The Group Consuls of our Toulouse Travel Club are truly a dream team: Helly and Serhat met at an InterNations Event in April 2012; by now, the two aren’t only sharing the responsibilities for the members of their InterNations Groups, but also their life in la ville rose.
Read their story to find out more about our multi-national couple and what they contribute to expat life in the beautiful south of France.
A Chance Meeting
Their paths crossed, coincidentally, at the first InterNations Event that Serhat ever attended. A friend introduced him to our Toulouse Community, as Serhat has always liked to meet other people with a multicultural background. Born and raised near Paris, with Turkish parents from Cappadocia, he has both double citizenship and a slightly ambivalent attitude towards his own origins.
“I’ve always felt different living in France,” he says, “not completely French, although I’ve lived here all my life, except for five years I spent in the UK. But not really Turkish, either. I believe we’re strongly impacted by our culture, so I like to think that meeting new people from different places is making us more open-minded.”
Helly, however, describes herself as German, though she was born in the Romanian region of Transylvania. She grew up in a small village near Cologne, and has divided most of her adult life between Germany and France. After moving to Toulouse, she had to relocate to Munich for professional reasons in 2010.
It was there that she discovered InterNations. “I really liked the InterNations philosophy,” she remembers, “and I enjoyed meeting so many interesting people from various countries – and various companies not related to my own field of work!”
So naturally she joined the Toulouse Community when she had to move back to France in early 2012. The rest, as they say, is history.
Creating Memorable Moments
Gradually, the two became more and more involved in InterNations Activities, and last year, they decided to run the local Brunch Group and to start the Toulouse Travel Club as well. “Sharing the role of Group Consul with your partner makes organizing activities much easier,” they joke. “And, of course, it’s much more fun to do it together.”
Their brunches include a variety of themes, such as a champagne brunch to celebrate the holiday season or a crêpe brunch dedicated to this deliciously French specialty. They even host most of their brunch events at home during the winter, as they’ve had some trouble finding good places for inviting many guests to brunch in Toulouse. In summer, they are planning to take it outside and enjoy the city’s mellow climate.
But it’s the travel group that has provided some of their most memorable moments for the passionate globe-trotters. They organized, for instance, a skiing trip to Andorra, one of the biggest ski resorts in the Pyrenees. Over a dozen people from the Toulouse Community spent an entire weekend together: it was a great “opportunity to really get to know each other better and share some nice memories,” the Consuls say. Indeed, the trip was such a success that they decided to plan a repeat event a few weeks later.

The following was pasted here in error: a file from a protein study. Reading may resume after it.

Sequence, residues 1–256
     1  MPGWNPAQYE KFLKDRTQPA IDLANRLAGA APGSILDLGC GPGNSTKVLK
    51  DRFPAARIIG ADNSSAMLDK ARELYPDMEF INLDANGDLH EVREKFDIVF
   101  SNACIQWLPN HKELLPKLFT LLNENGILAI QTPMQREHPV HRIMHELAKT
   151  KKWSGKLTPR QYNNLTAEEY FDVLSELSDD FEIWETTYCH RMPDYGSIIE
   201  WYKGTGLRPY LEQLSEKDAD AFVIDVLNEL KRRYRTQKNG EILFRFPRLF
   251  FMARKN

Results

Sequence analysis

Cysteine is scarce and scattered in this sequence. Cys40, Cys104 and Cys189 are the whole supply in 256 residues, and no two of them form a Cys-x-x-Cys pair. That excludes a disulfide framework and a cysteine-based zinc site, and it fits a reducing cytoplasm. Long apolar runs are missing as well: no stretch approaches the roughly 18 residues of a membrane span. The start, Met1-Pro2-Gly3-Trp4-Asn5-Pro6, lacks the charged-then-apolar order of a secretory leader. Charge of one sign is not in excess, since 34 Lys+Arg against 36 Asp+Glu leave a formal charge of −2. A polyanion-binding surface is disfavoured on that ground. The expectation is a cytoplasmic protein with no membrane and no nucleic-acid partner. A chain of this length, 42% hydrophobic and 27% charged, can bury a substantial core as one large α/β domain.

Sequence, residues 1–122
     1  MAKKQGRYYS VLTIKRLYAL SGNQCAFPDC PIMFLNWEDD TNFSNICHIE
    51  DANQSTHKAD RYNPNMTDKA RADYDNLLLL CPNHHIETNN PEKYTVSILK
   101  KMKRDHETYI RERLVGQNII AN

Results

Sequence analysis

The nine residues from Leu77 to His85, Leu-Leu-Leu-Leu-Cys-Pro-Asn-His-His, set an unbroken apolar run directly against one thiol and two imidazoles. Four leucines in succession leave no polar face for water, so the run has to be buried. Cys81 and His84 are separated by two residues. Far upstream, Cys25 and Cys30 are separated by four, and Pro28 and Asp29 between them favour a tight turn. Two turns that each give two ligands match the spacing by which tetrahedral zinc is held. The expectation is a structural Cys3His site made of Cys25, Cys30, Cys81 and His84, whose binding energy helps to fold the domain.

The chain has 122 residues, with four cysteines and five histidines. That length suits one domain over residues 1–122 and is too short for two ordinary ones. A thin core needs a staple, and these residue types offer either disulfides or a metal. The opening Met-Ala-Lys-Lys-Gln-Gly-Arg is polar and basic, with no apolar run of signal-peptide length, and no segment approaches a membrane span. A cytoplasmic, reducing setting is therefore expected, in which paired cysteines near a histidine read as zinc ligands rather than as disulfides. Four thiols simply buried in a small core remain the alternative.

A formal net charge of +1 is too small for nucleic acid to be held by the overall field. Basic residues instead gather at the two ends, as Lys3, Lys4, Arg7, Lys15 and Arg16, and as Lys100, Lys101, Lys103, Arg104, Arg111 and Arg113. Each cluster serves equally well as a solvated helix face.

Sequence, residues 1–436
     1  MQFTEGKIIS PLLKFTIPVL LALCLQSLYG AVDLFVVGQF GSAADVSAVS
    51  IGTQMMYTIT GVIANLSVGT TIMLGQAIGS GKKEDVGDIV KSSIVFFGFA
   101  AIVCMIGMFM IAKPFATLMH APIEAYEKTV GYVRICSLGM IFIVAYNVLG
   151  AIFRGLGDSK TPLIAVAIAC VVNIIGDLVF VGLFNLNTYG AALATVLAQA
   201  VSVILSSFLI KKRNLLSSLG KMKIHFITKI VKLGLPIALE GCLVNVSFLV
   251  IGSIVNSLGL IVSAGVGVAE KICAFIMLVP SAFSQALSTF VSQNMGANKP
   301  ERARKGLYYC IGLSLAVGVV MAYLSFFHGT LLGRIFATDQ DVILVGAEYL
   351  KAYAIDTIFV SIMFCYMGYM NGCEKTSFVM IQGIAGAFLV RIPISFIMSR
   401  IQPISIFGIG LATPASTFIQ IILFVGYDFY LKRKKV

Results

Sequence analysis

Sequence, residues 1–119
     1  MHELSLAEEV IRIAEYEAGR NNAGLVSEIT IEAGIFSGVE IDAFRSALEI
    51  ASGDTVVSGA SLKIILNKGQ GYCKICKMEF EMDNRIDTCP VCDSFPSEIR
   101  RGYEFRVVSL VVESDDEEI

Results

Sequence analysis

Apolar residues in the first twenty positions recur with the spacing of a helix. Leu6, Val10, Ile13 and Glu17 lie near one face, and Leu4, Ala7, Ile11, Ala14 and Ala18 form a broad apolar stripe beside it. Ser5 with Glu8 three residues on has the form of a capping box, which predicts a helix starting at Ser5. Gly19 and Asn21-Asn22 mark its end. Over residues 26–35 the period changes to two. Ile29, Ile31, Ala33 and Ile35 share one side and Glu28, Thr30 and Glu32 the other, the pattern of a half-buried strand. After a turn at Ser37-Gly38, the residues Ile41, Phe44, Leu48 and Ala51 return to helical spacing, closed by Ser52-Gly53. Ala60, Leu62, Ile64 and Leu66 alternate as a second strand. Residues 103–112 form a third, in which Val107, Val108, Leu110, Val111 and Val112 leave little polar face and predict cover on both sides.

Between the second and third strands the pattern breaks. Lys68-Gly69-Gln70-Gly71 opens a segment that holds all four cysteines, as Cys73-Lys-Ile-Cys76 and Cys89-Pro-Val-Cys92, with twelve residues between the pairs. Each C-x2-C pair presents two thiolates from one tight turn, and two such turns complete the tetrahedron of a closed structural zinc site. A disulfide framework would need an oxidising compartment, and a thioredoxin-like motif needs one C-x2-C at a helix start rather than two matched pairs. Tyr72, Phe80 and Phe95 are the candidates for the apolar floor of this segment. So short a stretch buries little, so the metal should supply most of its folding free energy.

But they’ve hosted some lovely daytrips, too. Last November, they enjoyed the colors of a late autumn day in the countryside, at Puycelci, a picturesque sleepy place in the Tarn department, which prides itself on being one of the most beautiful villages in France.
“We even managed to get their castle opened just for us,” Serhat and Helly remember proudly. (In autumn and winter, the local sights are usually closed to visitors.)
Insider Tips for “La Ville Rose”
What’s their impression of expat living in Toulouse? For obvious reasons, the local expat community is very much linked to the aerospace industry, and both Helly and Serhat work in the sector themselves.
Due to the presence of such large employers as Airbus, Thales Alenia Space, or the European Space Agency, there are lots of expatriates from neighboring Germany and Spain in town, but plenty of representatives from the UK and the US, too. With roughly 450,000 inhabitants (including 90,000 university students), Toulouse is big enough to be vibrant, lively, and interesting – but it still retains just the right amount of “small town feel”.
“The size of Toulouse makes it very special,” Serhat says, “especially compared to bigger cities or capitals. We always meet plenty of people we know all across town.”
“I like the intimacy of the InterNations Community in comparison to Munich,” Helly adds. “Here in Toulouse it really feels more like a big family. We’d recommend new expats to join InterNations – it boosts building your network in Toulouse, and you make lots of contacts.”
“And do live in the city center if you can. Public transportation isn’t very good if you live too far in the banlieue.” Then you can also explore your new home more easily and find your own favorite corners, markets, or restaurants.
“We love taking our bikes on a Sunday morning to ‘our’ local market in Saint-Cyprien, or maybe the one in Saint-Aubin. And having a coffee in the afternoon, or a glass of champagne at Le Florida, in front of the town hall, that’s not to be missed.”
And what about the famous French food? After all, Toulouse is said to be the birthplace of cassoulet (a hearty stew made of white beans and sausages) and a number of other regional specialties. “Chez Émile”, our InterNations Consuls recommend. “It’s traditional food from the region, a very good address, right in the heart of town.”
(Image credit: 1) InterNations 2) & 4) Serhat G. & Helly T. 3), 5), 6) iStockphoto)